The CSA are requesting comments on the Draft Policy and, in particular: (i) the appropriate length of a transition period to allow those registrants trading in, or rendering advice with respect to, Warrants time to meet the proficiency requirements set out in the Draft Policy; (ii) the Extraordinary Event provisions pertaining to permitted Extraordinary Events, confirmation of the occurrence of Extraordinary Events and the amount to be paid to Warrantholders on termination; (iii) the utility to issuers and underwriters of the confidential review procedure and whether any party's rights could be adversely affected by these procedures; and (iv) the disclosure requirements that must or may be made where the issuer of a Warrant has not had an opportunity to independently verify the accuracy and completeness of the information pertaining to the issuer of the underlying interest.

The Draft Policy does not specifically provide that if the obligations of the issuer are guaranteed, the prospectus contain financial statements of the guarantor as if it were the issuer. However, it is the present intention of the CSA to include this specific requirement in the final form of the policy. If the guarantor is eligible to use the POP System, it is intended that this requirement may be satisfied by incorporating by reference into the prospectus the appropriate documents. Concerns have been advanced that this requirement has the effect of unduly restricting the ability of an issuer to obtain a guarantee. Persons who share this concern should comment on why this requirement is particularly inappropriate for offerings of Warrants.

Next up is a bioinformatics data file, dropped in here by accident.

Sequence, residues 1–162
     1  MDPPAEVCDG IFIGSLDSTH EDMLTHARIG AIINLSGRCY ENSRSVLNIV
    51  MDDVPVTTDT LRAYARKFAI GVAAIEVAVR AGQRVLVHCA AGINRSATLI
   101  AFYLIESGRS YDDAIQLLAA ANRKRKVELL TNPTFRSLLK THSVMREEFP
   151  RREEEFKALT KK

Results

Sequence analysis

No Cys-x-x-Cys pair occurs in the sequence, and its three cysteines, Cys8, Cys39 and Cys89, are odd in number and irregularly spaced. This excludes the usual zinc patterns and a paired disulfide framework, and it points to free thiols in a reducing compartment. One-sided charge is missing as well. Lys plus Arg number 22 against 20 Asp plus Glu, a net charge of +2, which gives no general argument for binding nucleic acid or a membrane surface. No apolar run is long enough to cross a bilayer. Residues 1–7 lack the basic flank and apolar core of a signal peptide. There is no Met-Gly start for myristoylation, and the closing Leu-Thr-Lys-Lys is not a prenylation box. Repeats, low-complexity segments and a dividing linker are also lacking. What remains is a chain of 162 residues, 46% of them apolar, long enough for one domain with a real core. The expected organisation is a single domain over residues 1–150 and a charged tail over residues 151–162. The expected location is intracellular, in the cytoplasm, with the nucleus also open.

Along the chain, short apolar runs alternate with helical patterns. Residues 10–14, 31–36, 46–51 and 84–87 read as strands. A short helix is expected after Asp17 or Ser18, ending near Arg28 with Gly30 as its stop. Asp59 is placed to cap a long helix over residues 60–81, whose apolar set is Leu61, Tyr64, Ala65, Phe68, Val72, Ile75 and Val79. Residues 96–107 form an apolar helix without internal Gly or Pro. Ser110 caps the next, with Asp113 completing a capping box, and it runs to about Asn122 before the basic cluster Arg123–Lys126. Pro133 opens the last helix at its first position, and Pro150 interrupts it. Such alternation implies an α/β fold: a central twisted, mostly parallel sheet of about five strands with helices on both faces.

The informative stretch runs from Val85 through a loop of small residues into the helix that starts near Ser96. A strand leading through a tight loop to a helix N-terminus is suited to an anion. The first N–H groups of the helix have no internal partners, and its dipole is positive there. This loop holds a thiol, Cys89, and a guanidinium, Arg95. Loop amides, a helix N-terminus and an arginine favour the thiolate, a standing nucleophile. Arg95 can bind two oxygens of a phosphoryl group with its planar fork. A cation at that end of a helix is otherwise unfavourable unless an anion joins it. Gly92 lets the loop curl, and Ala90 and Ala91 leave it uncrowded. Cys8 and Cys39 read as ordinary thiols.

Written comments on the Draft Policy are invited. Seven copies of the comments should be delivered to the CSA on or before May 29, 1992 at the following address:

Canadian Securities Administrators
Corporate Finance Committee
c/o Secretary, Ontario Securities Commission
8th floor
20 Queen Street West
Toronto, Ontario
M5H 3S8

Comment letters submitted in response to Requests for Comments are placed in the public file and form part of the public record in certain jurisdictions unless confidentiality is requested. Comment letters will be circulated among securities regulatory authorities for purposes of finalizing the Draft Policy whether or not confidentiality is requested. Accordingly, although comment letters requesting confidentiality will not be placed in the public file, freedom of information legislation may require the securities regulatory authorities in certain jurisdictions to make comment letters available. Persons submitting comment letters should therefore be aware that the press and members of the public may be able to obtain access to any comment letter.

DATED at Vancouver, British Columbia on March 5, 1992.
Douglas M. Hyndman